In his Budget yesterday UK Chancellor George Osborne responded positively to calls from the London Stock Exchange and abolished stamp duty on shares of companies listed on growth markets including the Alternative Investment Market (AIM) and the ISDX Growth Market.

The Stock Exchange, financial institutions, and business organisations have long argued that removing stamp duty would make it easier and cheaper for small cap and start-up companies to raise equity capital but to date their requests have fallen on deaf ears.

The end of the stamp duty levy on smaller-company shares is to be welcomed but I remember a time almost 20 years ago when an earlier Conservative Chancellor announced the abolition of stamp duty on all shares, later revised to shares translated electronically, and finally dropped altogether. Let’s hope a similar fate does not befall this announcement.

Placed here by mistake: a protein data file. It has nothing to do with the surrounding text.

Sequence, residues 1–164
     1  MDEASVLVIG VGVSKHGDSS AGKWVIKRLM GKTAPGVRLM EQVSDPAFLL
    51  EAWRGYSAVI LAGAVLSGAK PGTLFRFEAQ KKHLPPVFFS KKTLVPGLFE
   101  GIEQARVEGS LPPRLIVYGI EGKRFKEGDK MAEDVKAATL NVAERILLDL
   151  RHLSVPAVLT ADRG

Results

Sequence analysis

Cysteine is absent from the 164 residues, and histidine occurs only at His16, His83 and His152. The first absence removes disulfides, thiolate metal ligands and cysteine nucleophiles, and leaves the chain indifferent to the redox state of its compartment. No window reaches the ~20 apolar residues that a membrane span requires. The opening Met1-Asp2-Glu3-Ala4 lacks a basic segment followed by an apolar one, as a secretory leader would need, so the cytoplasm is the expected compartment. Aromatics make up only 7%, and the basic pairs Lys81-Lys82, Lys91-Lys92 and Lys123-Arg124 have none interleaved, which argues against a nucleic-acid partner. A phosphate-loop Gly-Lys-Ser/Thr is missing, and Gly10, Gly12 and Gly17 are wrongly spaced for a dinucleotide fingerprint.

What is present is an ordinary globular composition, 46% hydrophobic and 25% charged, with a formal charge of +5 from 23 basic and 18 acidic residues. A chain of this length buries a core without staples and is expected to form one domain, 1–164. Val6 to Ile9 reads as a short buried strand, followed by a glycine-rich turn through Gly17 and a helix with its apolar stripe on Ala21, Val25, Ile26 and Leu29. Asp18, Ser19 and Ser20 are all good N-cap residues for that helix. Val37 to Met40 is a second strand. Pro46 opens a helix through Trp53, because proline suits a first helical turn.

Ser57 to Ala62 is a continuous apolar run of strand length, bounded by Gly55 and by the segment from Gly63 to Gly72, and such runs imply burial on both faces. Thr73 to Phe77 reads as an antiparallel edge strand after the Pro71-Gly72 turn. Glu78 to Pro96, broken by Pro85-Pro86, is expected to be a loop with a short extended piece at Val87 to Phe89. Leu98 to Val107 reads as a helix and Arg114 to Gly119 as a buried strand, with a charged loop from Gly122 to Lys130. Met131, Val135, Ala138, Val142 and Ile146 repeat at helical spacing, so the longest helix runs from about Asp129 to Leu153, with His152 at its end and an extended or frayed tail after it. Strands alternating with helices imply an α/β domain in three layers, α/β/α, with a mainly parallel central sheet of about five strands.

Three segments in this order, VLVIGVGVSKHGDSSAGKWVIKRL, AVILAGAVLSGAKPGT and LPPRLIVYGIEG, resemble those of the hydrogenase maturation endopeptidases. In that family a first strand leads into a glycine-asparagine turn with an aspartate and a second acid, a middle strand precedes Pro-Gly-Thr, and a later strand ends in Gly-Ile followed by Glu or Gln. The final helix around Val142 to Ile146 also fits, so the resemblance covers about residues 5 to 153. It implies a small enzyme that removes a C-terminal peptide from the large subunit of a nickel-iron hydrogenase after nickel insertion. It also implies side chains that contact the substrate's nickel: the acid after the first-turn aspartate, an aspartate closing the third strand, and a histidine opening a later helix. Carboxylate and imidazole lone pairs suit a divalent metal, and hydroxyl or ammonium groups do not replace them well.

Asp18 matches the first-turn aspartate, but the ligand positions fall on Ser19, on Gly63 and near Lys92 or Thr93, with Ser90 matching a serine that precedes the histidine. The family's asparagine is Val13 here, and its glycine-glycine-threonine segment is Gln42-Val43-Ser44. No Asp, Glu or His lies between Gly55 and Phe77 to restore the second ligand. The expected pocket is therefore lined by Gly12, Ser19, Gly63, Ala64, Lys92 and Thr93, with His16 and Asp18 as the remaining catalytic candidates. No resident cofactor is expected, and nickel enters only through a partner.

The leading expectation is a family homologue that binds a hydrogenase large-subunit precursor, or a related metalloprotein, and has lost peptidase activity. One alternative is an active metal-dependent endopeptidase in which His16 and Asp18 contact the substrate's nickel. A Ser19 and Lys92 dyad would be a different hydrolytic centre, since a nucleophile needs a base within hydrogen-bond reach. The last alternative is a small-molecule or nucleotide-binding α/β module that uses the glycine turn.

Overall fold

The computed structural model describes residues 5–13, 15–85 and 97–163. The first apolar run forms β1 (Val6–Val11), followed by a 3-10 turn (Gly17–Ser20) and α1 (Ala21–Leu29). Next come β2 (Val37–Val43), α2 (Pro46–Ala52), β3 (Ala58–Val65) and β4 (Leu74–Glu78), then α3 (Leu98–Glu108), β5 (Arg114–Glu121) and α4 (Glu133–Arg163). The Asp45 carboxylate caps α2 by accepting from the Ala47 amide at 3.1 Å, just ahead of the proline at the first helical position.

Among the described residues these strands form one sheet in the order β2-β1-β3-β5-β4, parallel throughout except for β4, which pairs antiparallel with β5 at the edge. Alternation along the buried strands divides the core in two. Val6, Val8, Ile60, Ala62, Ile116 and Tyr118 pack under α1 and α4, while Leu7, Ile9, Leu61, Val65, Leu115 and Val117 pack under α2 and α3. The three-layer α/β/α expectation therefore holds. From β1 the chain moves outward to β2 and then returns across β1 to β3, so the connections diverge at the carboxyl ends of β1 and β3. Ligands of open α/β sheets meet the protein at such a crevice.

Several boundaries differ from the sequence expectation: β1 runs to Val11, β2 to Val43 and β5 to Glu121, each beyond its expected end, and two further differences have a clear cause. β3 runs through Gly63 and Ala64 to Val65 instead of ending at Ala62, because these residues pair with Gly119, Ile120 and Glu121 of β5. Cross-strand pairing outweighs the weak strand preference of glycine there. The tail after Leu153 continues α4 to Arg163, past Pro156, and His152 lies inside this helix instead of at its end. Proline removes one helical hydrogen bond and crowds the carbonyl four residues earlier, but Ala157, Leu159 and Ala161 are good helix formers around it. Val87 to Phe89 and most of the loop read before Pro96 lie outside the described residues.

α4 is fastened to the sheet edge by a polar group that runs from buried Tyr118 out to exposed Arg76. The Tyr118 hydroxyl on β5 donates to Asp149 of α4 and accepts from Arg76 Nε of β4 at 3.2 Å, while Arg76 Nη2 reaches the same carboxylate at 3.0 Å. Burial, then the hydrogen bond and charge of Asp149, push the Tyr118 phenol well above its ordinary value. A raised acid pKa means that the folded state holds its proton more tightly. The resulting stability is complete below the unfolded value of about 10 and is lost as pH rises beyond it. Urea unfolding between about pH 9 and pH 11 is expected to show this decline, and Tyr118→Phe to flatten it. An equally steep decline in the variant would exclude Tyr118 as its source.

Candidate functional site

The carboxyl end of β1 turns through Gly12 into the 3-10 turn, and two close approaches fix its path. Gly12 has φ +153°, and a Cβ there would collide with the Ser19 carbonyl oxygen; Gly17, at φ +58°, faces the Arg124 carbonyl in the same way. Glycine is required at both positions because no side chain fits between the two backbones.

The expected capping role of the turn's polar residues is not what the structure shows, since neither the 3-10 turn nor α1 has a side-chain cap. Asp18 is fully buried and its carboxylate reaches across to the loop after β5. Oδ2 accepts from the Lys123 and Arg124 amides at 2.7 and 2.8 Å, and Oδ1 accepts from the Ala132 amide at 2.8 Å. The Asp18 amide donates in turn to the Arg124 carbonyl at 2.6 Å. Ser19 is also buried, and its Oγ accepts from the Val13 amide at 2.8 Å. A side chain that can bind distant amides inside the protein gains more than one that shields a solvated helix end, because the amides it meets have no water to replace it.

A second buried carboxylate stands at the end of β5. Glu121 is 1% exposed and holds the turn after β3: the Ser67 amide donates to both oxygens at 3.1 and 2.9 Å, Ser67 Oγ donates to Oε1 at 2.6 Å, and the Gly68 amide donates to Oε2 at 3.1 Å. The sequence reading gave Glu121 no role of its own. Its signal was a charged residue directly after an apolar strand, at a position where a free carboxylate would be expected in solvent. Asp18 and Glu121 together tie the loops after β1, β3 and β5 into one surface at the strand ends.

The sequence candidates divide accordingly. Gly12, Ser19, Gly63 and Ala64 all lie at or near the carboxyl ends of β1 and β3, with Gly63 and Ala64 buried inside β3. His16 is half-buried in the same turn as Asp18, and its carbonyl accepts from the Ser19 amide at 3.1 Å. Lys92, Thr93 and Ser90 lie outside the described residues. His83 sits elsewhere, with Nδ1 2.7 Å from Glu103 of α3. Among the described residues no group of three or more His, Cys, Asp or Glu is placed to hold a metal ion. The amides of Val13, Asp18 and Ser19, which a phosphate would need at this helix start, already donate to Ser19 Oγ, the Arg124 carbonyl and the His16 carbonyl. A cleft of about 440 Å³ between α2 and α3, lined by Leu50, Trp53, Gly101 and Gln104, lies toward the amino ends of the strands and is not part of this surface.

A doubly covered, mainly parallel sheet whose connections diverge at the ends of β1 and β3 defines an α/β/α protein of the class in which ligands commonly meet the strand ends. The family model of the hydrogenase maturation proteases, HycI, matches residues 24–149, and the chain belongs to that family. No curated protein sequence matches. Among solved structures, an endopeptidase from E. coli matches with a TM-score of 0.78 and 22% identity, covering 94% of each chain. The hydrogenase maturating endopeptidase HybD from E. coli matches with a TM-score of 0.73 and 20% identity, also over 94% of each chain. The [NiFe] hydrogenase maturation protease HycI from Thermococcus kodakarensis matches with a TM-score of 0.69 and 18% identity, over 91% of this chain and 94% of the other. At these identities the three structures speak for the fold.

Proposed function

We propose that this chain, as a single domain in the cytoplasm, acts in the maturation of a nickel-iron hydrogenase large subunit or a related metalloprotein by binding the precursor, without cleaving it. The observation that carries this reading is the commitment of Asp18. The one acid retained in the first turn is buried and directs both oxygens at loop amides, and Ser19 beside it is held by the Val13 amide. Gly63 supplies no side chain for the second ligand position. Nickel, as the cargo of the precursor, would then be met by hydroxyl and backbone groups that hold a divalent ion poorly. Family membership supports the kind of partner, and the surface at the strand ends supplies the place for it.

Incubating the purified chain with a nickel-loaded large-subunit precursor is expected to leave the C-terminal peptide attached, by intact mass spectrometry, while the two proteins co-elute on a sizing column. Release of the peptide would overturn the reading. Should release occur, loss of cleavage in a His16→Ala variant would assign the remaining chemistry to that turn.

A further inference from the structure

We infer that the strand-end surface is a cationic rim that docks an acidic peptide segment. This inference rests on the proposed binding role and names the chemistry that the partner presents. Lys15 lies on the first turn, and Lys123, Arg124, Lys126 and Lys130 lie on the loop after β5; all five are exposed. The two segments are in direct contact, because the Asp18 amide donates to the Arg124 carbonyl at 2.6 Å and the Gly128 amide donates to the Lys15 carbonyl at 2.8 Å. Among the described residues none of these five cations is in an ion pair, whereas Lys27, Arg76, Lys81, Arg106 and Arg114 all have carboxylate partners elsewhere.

Stamp duty on the transfer of shares on these markets will be abolished April next year in a move which the Chancellor said would “directly benefit hundreds of smaller quoted UK firms, lowering their cost of capital, helping to promote jobs and growth”.


Category: Investments



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